Jonas Vollmer

I'm a co-founder and co-executive director at the London-based Center on Long-Term Risk, a research group and grantmaker focused on preventing s-risks from AI. I also advise the Long-Term Future Fund.

My background is in medicine (BMed) and economics (MSc) with a focus on health economics and development economics.

Jonas Vollmer's Comments

AMA Patrick Stadler, Director of Communications, Charity Entrepreneurship: Starting Charities from Scratch

I hope I'm not too late: What were some of the crucial influences / events / experiences / arguments that set you on the path towards becoming an entrepreneur?

AMA Patrick Stadler, Director of Communications, Charity Entrepreneurship: Starting Charities from Scratch

I hope I'm not too late: In which ways (if at all) has your experience at the UN and SECO been useful for your recent and current work (New Incentives and Charity Entrepreneurship)? Do you think it would be useful for more EAs to get that kind of experience?

The case for building more and better epistemic institutions in the effective altruism community
Effective altruism wiki: Intuitively, this makes a lot of sense as a means of organizing knowledge of a particular community. Also, if the US Intelligence Community is doing it, it has to be good. I know that there have been attempts at this (e.g., arbital, priority.wiki, EAWiki). Unfortunately, these didn’t catch on as much as would be necessary to create a lot of value. Perhaps there are still ways of pulling this off though. See here and here for recent discussions.

In addition to the wikis, there are also EA Concepts and the LessWrong Wiki, which have similar roles.

Two hypotheses for why these encyclopedias didn't catch on so far:

  • Lack of coordination: Existing projects seemed to focus on content but not quality standards, editing/moderation, etc. Projects weren't maintained long-term. It probably wasn't sufficiently clear how new volunteers could best contribute. Resources were split between multiple projects.
  • Perhaps EA is still too small. Most communities with successful wikis have fairly large communities.

Personally, I'd be very excited about a better-coordinated and better-edited EA concepts/wiki. (I know of someone who is planning to work on this.)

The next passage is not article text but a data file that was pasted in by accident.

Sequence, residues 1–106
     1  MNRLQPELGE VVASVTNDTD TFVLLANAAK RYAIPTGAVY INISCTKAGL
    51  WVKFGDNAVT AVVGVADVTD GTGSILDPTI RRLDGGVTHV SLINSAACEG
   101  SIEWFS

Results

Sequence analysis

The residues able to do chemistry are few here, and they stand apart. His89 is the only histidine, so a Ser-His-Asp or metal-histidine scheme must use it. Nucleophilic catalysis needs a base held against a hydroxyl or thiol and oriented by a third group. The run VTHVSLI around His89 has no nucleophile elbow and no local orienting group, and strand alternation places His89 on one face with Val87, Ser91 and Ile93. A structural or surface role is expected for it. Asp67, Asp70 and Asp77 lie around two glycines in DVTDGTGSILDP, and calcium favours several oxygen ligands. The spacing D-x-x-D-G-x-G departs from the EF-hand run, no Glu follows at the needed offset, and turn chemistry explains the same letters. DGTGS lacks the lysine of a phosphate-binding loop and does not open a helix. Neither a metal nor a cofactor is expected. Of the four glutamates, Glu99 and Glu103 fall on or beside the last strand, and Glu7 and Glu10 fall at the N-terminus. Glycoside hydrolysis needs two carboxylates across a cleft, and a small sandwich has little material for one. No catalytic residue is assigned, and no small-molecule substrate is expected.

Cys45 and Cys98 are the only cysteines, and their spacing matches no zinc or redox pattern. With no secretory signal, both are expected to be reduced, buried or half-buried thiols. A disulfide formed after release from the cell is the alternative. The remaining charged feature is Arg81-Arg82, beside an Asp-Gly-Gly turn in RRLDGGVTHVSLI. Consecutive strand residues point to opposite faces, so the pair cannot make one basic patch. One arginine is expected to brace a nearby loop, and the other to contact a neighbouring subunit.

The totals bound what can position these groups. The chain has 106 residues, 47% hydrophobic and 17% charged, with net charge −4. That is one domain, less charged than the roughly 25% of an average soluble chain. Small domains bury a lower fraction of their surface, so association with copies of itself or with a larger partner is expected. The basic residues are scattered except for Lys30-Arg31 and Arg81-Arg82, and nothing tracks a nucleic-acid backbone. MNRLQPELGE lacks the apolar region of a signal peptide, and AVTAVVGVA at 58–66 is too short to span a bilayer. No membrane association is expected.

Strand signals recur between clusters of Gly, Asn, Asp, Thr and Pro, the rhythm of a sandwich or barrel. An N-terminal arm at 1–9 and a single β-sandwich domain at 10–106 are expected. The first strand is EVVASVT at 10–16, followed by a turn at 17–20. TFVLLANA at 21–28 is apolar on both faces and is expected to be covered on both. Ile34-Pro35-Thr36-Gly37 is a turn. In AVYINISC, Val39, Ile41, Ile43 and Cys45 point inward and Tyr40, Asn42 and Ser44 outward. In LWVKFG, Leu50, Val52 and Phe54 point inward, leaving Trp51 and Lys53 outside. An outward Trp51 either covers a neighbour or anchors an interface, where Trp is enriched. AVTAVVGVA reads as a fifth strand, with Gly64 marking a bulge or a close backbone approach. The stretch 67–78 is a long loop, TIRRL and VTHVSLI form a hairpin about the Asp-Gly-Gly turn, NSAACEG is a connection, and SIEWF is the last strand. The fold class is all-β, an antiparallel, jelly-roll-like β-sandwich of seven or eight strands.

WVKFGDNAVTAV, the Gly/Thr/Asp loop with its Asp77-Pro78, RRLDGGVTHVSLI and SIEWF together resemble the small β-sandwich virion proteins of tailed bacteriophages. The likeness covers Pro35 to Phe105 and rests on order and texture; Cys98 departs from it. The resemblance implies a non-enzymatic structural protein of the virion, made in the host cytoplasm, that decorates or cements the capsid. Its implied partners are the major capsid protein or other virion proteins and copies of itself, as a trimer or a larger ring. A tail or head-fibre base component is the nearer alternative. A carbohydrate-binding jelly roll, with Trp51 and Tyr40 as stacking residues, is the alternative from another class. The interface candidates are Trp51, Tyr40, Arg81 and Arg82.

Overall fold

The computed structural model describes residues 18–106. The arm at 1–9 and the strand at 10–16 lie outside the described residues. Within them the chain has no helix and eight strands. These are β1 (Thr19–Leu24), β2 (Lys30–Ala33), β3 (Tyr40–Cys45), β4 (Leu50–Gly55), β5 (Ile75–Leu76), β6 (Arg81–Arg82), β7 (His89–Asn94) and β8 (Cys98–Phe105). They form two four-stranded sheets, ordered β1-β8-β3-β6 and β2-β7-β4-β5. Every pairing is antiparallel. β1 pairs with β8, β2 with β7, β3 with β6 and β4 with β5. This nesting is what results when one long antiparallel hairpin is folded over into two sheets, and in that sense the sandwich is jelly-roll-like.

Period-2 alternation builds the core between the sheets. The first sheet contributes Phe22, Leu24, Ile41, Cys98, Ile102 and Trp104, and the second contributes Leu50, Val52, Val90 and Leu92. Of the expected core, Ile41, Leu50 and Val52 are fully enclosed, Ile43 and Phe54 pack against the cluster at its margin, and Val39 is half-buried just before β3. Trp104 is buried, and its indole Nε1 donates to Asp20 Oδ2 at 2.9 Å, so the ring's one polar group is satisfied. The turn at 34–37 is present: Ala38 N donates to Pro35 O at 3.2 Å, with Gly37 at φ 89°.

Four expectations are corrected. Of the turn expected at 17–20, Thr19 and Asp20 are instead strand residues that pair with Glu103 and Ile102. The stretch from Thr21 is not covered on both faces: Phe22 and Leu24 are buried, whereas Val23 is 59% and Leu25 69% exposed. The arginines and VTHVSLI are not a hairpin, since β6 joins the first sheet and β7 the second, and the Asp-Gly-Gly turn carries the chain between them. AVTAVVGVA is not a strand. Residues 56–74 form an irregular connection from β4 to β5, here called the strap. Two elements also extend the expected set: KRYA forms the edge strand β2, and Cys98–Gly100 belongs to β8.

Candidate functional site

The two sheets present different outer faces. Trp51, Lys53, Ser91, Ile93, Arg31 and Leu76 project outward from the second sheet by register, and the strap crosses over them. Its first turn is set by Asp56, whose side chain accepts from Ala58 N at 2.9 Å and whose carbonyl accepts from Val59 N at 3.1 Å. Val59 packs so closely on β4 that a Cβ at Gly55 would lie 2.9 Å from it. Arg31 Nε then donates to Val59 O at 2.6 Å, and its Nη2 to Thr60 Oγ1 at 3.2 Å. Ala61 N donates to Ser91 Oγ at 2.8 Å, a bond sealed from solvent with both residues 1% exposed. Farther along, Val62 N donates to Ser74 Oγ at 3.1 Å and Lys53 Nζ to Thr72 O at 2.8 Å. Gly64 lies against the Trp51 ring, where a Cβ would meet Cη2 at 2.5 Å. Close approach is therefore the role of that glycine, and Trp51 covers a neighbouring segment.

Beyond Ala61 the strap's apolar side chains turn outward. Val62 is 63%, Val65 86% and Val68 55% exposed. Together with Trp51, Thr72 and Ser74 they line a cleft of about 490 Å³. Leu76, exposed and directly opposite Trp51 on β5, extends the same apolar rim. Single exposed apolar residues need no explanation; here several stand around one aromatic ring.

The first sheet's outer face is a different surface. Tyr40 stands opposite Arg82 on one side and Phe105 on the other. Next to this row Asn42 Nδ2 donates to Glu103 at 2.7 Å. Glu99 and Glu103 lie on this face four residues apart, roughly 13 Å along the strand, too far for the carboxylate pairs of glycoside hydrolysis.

The case for building more and better epistemic institutions in the effective altruism community

On expert surveys, I would personally like to see more institutionalized surveys of key considerations like these: https://www.stafforini.com/blog/what_i_believe/ One interesting aspect could be to see in which areas agreement / disagreement is largest.

The case for building more and better epistemic institutions in the effective altruism community
Building such institutions is a form of community-building. Arguably, this is one of the most important ways of making a difference since it offers a lot of leverage. It came second in the Leaders Forum survey.

(Not very important.) Hm, which result of the survey do you mean? I can't remember being given that option and can't find it immediately in that post.

The case for building more and better epistemic institutions in the effective altruism community

Explicitly defined publication norms could also be helpful. It's often unclear how one should deal with information hazards, which seems to cause people to err on the side of not publishing their work. Instead, one could set up things like "info hazard peer review" or agree more explicitly on rules in the direction of "for issues around X and Y, or other potential info hazards, ask at least five peers from different orgs on whether to publish" (of course, this needs some more work).

The case for building more and better epistemic institutions in the effective altruism community

Institutions for exchanging information (especially research) also seem helpful to me. For instance, many researchers circulate their work in semi-private google docs but only publish some of their work academically or on the Forum. (Sometimes, this is because of information hazards, but only rarely.) This makes it harder for new or less well-networked researchers to get up to speed with existing work. It also doesn't scale well as the community grows. It would be great if there were easy ways to make content public more easily. Wei Dai made a suggestion in this direction, and I bet there are further ways of making this happen.

Toby Ord’s ‘The Precipice’ is published!

For those looking for the ebook, it's only available on the Canadian, German, and Australian (cheapest) amazon pages (but not US / UK ones). (EDIT: Actually available on the UK store.)

Insomnia with an EA lens: Bigger than malaria?

Interesting, makes sense! I like that suggestion.

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